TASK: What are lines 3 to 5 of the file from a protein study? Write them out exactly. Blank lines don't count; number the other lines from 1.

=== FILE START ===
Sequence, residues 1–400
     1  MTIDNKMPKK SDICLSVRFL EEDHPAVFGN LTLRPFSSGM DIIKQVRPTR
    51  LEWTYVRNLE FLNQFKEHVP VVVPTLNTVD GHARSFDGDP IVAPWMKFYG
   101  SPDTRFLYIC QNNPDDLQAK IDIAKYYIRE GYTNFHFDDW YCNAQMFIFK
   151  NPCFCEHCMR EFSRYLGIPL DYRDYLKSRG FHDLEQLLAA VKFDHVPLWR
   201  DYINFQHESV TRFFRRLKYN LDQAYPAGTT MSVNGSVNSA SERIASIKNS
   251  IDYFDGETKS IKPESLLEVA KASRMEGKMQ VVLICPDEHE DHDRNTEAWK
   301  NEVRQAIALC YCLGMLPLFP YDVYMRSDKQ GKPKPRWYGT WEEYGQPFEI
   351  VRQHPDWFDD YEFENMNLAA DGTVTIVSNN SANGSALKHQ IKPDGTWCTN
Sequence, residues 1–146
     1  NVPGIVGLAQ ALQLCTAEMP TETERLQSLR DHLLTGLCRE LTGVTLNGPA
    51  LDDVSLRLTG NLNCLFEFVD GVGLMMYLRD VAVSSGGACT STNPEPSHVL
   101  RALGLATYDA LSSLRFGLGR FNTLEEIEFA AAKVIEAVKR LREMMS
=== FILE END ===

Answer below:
    51  LEWTYVRNLE FLNQFKEHVP VVVPTLNTVD GHARSFDGDP IVAPWMKFYG
   101  SPDTRFLYIC QNNPDDLQAK IDIAKYYIRE GYTNFHFDDW YCNAQMFIFK
   151  NPCFCEHCMR EFSRYLGIPL DYRDYLKSRG FHDLEQLLAA VKFDHVPLWR